`Anything Goes' shows its lasting appeal. Also on New York stage: a Lanford Wilson play
New York — Anything Goes Musical comedy with music and lyrics by Cole Porter; original book by Guy Bolton & P.G. Wodehouse and Howard Lindsay & Russel Crouse; new book by Timothy Crouse and John Weidman. Directed by Jerry Zaks. Choreography by Michael Smuin. With a splendidly witty score by Cole Porter and a wonderfully wacky book by a cross-generational team of collaborators, ``Anything Goes'' has taken to the merry high seas at the Vivian Beaumont Theater. They used to say in the gracious days of ocean liners that getting there was half the fun. Applied to the 1934 Porter ship's gala, that ain't the half of it.
In revising the libretto of ``Anything Goes,'' Timothy Crouse and John Weidman have preserved the blithe spirit of the Guy Bolton-P.G. Wodehouse original as amended by Howard Lindsay and Russel Crouse (Timothy's father). The plot of the shipshape farce still centers on Billy Crocker (Howard McGillin), a young Wall Streeter who finds himself a stowaway on an eastbound luxury liner. The passengers include Reno Sweeney (Patti LuPone), a tough but good-hearted nightclub singer and ex-evangelist; Hope Harcourt (Kathleen Mahony-Bennett), Billy's beloved; Lord Evelyn Okleigh (Anthony Heald), Hope's endearingly foolish fianc'e; and Moonface Martin (Bill McCutcheon), Public Enemy No. 13 disguised in clerical garb. Mr. Crouse and Mr. Weidman have treated this zany lampoon with the insouciance it deserves.
Even more to the point, they have kept the great songs from Porter's original score and borrowed a few from his other shows. For musical-comedy buffs, the titles tell it all: ``I Get a Kick Out of You,'' ``You're the Top,'' and, of course, the title song itself, a rousing first-act finale for Miss LuPone and ensemble. For ballads in the romantic vein, there are ``Easy to Love,'' ``It's Delovely'' (borrowed from ``Red, Hot and Blue!''), and ``All Through the Night.'' ``Friendship'' (from ``DuBarry Was a Lady'') offers a comedy duet for Mr. McCutcheon and Miss LuPone, who also helps raise the roof in the mock-gospel ``Blow, Gabriel, Blow.'' McCutcheon gets his own comic ditty in ``Be Like the Bluebird''; ditto Mr. Heald in ``The Gypsy in Me.''
Under Jerry Zaks's swinging direction, ``Anything Goes'' moves from number to number (with or without a song cue) like a sleek transatlantic liner under full steam. The cast carries it all off with enormous brio. The company includes Rex Everhart as a tycoon-ish Yale grad, Anne Francine as Hope's snooty mother, Linda Hart as a saucy good-time girl, and David Pursley as the ship's urbane captain.
Choreographer Michael Smuin has attended to the light fantastic with a dance program that includes tap, soft-shoe, ballroom, and an antic tango for Heald and LuPone. What would normally be a pit band has been elevated by ingenious set and costume designer Tony Walton to a spot somewhere atop the bridge, where Edward Strauss and his sailor-clad musicians provide the kind of accompaniment befitting the tunes of a musical-comedy master. Paul Gallo has lit the production festively. Wise travelers will do well to drop everything and book passage at the Beaumont. Burn This Play by Lanford Wilson. Directed by Marshall W. Mason. Starring John Malkovich, Joan Allen.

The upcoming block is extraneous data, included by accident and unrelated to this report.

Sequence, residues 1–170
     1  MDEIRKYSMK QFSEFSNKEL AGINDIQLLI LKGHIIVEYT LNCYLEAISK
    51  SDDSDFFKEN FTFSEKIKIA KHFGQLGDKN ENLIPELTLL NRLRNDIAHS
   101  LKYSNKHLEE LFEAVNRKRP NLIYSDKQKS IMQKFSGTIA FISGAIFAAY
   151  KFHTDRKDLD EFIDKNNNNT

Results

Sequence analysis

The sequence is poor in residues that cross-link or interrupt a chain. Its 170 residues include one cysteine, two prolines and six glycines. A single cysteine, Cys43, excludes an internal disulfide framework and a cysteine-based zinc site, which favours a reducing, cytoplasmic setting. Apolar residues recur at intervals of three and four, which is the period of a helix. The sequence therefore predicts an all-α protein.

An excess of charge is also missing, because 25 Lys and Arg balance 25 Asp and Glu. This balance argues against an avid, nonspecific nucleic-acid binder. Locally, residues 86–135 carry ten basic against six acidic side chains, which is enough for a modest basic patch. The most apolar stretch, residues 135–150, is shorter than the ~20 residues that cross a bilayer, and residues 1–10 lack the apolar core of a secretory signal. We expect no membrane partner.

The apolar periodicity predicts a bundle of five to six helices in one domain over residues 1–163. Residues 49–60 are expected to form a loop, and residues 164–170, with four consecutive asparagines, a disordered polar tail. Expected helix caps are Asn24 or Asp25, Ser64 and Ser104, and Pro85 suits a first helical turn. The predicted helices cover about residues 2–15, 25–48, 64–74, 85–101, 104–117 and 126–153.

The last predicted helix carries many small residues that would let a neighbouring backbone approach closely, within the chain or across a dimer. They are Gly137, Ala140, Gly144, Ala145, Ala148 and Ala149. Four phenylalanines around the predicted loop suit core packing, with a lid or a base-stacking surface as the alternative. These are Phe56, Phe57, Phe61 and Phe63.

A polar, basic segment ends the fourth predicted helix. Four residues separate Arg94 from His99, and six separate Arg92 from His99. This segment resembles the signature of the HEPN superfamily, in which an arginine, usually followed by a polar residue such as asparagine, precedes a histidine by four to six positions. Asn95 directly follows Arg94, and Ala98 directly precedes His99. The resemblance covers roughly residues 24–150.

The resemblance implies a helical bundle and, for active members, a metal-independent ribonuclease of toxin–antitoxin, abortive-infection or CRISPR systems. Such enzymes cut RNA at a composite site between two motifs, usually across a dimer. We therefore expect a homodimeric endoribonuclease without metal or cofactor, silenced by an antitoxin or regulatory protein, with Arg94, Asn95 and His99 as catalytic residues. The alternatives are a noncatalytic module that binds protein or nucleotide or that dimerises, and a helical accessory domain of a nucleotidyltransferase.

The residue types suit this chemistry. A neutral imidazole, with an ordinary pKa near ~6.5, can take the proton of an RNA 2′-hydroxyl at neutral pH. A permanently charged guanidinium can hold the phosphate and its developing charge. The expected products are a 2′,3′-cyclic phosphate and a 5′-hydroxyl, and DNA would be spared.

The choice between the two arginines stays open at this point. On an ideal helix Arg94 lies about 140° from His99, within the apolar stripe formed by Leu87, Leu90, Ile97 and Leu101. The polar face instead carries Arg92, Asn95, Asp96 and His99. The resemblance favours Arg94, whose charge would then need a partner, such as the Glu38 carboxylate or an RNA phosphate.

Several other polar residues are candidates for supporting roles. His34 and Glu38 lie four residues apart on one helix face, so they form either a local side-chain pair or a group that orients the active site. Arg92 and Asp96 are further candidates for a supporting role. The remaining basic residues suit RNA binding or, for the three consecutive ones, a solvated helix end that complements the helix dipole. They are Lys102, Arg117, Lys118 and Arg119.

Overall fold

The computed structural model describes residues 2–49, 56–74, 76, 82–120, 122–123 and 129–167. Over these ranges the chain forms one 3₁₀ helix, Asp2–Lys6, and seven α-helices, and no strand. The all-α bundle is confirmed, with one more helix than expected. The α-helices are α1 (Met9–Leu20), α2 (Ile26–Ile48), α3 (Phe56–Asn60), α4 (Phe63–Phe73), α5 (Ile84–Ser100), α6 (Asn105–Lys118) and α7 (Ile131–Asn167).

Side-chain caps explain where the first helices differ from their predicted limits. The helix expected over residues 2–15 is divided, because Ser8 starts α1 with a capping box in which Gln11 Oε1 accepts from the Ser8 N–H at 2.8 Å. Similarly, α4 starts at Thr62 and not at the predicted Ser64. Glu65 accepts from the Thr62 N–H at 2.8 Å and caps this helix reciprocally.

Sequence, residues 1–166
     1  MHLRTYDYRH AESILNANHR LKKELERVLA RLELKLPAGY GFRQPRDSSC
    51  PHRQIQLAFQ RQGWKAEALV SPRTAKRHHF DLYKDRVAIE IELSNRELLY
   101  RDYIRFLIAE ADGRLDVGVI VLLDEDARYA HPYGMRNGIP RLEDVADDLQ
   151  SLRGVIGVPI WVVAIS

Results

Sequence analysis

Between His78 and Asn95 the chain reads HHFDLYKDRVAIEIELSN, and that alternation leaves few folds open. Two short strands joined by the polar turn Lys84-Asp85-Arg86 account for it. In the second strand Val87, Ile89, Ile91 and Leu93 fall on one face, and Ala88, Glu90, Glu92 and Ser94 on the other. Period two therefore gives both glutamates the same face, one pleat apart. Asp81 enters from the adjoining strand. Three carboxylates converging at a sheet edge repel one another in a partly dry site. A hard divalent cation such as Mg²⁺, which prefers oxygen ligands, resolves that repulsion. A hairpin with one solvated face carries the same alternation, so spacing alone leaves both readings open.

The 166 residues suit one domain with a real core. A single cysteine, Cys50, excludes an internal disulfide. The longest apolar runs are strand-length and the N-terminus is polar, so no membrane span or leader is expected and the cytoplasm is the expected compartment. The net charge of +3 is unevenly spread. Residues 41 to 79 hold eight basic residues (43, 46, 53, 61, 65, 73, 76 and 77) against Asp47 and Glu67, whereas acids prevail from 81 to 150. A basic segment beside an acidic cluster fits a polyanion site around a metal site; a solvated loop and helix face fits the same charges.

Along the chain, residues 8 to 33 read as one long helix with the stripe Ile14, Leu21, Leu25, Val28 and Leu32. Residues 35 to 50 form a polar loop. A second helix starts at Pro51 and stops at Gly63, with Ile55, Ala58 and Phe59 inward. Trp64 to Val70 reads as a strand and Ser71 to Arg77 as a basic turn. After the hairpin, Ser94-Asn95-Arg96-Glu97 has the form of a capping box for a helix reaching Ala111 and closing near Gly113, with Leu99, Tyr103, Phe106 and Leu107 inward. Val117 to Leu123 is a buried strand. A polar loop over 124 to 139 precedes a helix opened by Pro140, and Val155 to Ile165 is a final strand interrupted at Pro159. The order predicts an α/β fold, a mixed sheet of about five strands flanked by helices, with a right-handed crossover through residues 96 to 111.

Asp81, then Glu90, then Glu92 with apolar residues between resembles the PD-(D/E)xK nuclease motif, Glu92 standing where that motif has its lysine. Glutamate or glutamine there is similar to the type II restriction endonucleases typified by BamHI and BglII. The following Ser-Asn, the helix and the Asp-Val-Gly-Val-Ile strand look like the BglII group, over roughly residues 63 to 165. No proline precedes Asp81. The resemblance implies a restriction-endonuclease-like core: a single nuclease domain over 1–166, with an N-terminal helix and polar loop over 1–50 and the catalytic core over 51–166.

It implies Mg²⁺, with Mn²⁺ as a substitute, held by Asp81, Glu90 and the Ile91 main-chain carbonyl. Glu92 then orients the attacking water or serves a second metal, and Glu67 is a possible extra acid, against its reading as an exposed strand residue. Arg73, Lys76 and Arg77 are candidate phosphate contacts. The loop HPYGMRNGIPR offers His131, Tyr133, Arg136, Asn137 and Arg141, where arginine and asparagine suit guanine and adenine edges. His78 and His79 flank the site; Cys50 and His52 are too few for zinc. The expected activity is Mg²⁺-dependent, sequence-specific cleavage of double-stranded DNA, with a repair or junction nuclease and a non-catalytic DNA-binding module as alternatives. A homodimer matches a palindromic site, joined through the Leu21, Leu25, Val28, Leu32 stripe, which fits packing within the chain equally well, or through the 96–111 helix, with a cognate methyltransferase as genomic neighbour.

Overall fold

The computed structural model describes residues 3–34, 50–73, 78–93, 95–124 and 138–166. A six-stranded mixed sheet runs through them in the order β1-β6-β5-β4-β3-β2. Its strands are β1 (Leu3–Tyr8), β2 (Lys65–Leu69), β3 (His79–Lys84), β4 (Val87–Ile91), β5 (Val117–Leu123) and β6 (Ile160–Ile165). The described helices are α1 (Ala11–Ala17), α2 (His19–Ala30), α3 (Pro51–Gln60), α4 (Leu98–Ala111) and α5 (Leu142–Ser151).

Besides its function as title, ``Burn This'' provides the incidental but essential instruction required to resolve Lanford Wilson's bizarre, obscenity-strewn new comedy at the Plymouth Theatre. The surreptitious instruction leads to the reconciliation of a couple far odder than the gentle twosome of ``Talley's Folly,'' an earlier and much more appealing Wilson love story.
``Burn This'' begins in the aftermath of the funeral attended by dancer-choreographer Anna Mann (Joan Allen) for Robbie, the homosexual partner with whom she shared a converted loft and who inspired her creativity. The funeral ordeal has been heightened for Anna by the reaction of Robbie's family to the discovery of the young man's sexual orientation. In the midst of her devastation over his drowning, Anna receives a midnight visit from Robbie's married brother Pale (John Malkovich). Pale launches into a scatological diatribe against the annoyances of parking and other latter-day indignities. The unfolding relationship between Anna and the aggressive intruder provides the central situation of a long, freaky, traditionally formulated play with editorial digressions.
As portrayed by the protean Mr. Malkovich, Pale is a larger-than-life primitive, a compulsive malcontent crowned with a mane of jet black hair to match his black moods; his repertoire of rages can be simultaneously comic and intimidating.
His success in the conquest of Anna might seem totally unbelievable were it not for the vulnerability conveyed by Miss Allen and the visceral drive of Malkovich's hypnotic performance.
The good cast directed by Marshall W. Mason (Wilson's longtime collaborator) includes Jonathan Hogan as a rich film writer who may be in love with Anna, and Lou Liberatore as a loft co-occupant who provides comic chatter, carries the torch for homosexuality, and writes the indispensable secret note. The production has been creatively designed by John Lee Beatty (spacious setting), Dennis Parichy (lighting), and Laura Crow (costumes).